Frost and Sullivan has assembled powerful players from the mobility world to lead debate on business model issues at its fifth annual Urban Mobility event. This will take place at the House of Lords and at Siemens “Crystal” building in London’s docklands on 19th and 20th June – see http://www.urbanmobility.gilcommunity.com/.
Transport KTN will be represented at the event and, following this preview, will publish a short series of post-event articles drawing out and discussing key themes emerging.
Timely and appropriate
The event’s focus on business models is timely and appropriate. With the continuing drive for economic competitiveness, with the development of the connected society and with population growth, there is ever-increasing pressure on mobility. We can no longer rely just on government investment to relieve this pressure. This requires new means of delivering mobility and viable business models which support these new means. With this in mind the emphasis of the event on policymakers and industry working together is clearly appropriate, as is the need for an integrated view cutting across modes.
Other recent urban mobility activity
It will be interesting to see if discussion at the event picks up themes emerging from other recent activity relevant to urban mobility.
A recent paper “Smart Cities and Smart Citizens” summarising discussion at this year’s FutureEverything Summit and published in Sustain (http://sustainmagazine.com/smart-cities-and-smart-citizens/) challenges the wisdom of large-scale technology platforms as the main enabler of future mobility and promotes a more flexible view of the enabling potential of technology. The paper brings into focus questions such as the nature of future cities that we are aiming for – monolithic and efficient? or fluid, dynamic and responsive to the evolving needs of city inhabitants and businesses? Whatever future city vision is preferred will need to be supported by appropriate business models.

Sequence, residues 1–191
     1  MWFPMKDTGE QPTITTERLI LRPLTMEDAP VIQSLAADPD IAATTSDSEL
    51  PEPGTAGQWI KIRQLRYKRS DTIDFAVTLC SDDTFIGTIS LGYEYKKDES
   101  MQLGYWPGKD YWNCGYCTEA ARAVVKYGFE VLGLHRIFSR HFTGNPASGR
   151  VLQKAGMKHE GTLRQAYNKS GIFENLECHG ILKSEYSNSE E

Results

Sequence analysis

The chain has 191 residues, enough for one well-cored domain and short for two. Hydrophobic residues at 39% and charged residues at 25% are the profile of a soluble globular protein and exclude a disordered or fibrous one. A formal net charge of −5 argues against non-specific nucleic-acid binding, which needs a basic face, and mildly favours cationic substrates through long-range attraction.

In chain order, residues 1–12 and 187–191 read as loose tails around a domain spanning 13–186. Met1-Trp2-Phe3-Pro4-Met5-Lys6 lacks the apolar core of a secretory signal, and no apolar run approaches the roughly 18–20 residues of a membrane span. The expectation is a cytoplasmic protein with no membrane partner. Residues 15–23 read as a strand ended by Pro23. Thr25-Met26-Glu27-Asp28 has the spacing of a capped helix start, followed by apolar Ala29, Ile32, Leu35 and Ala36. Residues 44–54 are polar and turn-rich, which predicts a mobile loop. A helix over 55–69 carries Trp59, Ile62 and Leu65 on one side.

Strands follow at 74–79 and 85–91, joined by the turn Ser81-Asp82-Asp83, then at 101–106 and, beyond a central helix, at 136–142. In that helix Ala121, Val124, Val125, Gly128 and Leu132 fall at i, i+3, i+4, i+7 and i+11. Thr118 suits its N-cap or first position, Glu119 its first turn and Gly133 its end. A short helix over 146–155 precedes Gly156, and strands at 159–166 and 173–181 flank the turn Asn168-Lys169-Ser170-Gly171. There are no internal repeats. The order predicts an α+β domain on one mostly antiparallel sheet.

Hot off the press is the “Challenges and Opportunities” paper prepared by the TSB’s Internet of Things Special Interest Group - https://connect.innovateuk.org/documents/3077922/3726367/IoT+Challenges%2C%20final+paper%2C%20April+2013.pdf/38cc8448-6f8f-4f54-b8fd-3babed877d1a. This rigorous analysis clearly identifies a significant role in the transport domain for IoT techniques. Two key areas of focus are seen as critical to unlocking the deployment of IoT solutions and creating business opportunity – interoperability at all levels in the value chain (ie the ability of systems to exchange and make use of information in an open, safe and secure manner) and people-centred design. The report identifies that appropriate business models have a key role in lubricating the value chain from technology enablers through to service delivery.
A third perspective is provided by the output of the Transport KTN’s own recent Round Table on “Urban Mobility without New Infrastructure” - https://connect.innovateuk.org/documents/3079971/3760307/Urban+round+table+summary.pdf/98228ea5-8a0e-4df7-8ce4-113ce2f7d1fc. This identified business models as a clear area for innovation and suggestions included importing experience and expertise from outside the transport sector, including perhaps retail models. The Round Table stressed the need for business models to be considered alongside other enablers of mobility (behavioural change, exploiting data and information, etc), the desirability of more sophisticated decision-making and the need for governance models which can properly reflect the breadth of stakeholder interests.
Business models are key to urban mobility and it will be interesting to see if models which create a pull for innovation will emerge.